Mass. colleges have shown ‘Patience of Job’ through pandemic, says state Sen. Anne Gobi of Spencer – News –

The COVID-19 pandemic has presented colleges and universities with financial challenges that will likely extend for multiple years and may not be sustainable for all institutions, heads of public and private universities told state lawmakers Tuesday.


“We don’t view this as a one-year deal,” University of Massachusetts President Marty Meehan told the Higher Education Committee. “We view this as a two- to three- to four-year deal, and I will say Madam Chairman, there are universities and colleges in New England who won’t survive this. What we’re trying to do at UMass is make sure at the end of this crisis that we still have five UMass campuses that are all nationally ranked and that are successful.”


The committee, chaired by Sen. Anne Gobi and Rep. Jeff Roy, heard virtual testimony from state education officials, the Massachusetts Teachers Association, and heads of community colleges and private and public universities for an

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Mass. education head wants districts to get kids back to school while they can in case of second virus spike

“It would be unfortunate if later in the year, a district had to go remote because the virus spiked back up in their community and they recognized, ‘Wow we could have had our kids back in for a couple of months or maybe even six months, and we missed that window,’” Riley continued, speaking at a press conference at the State House.

Only districts that are in the state’s red coronavirus risk category — the highest risk designation — for three consecutive weeks should stick with remote-only learning, Riley and Governor Charlie Baker have said.

Riley also spoke Thursday about a “soup-to-nuts” audit by the state that could be imposed on some districts that are pursuing a remote-only start to the academic school year. Sixteen districts have been identified by Riley and Baker for starting remotely despite public health data indicating it is safe to bring students back, the state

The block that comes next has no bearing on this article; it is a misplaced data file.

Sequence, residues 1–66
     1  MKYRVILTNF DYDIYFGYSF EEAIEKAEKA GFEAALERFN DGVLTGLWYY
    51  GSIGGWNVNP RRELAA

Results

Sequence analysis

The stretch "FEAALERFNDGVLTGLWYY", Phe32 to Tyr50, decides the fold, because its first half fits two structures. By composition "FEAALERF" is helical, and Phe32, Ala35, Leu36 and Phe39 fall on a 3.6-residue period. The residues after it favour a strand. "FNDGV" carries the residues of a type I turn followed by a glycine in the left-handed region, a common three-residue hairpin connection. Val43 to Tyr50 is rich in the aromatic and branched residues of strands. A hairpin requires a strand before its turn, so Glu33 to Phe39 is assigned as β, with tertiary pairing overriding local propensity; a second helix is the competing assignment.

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These Mass. colleges were ranked among the best in the US by the Wall Street Journal/Times Higher Education

2020 has been the year of a once-in-a-century global pandemic and Tom Brady taking the field wearing something other than a New England Patriots jersey. But despite all the changes this year brought, Massachusetts universities are still topping nationwide rankings.

Harvard University and the Massachusetts Institute of Technology have landed the No. 1 and No. 2 spots, respectively, on the Wall Street Journal/Times Higher Education’s list of best overall colleges in the nation.

2020 marks the fourth straight year Harvard has taken the top spot on the WSJ/THE annual list.

Here are the other universities that made the cut:

1. Harvard University

2. MIT

3. Yale University

4. Stanford University

5. Brown University and Duke University (tied)

7. California Institute of Technology and Princeton University (tied)

9. Cornell University

10. Northwestern University

Harvard and MIT also made it on the WSJ/THE list of top 10 schools for student outcomes, which

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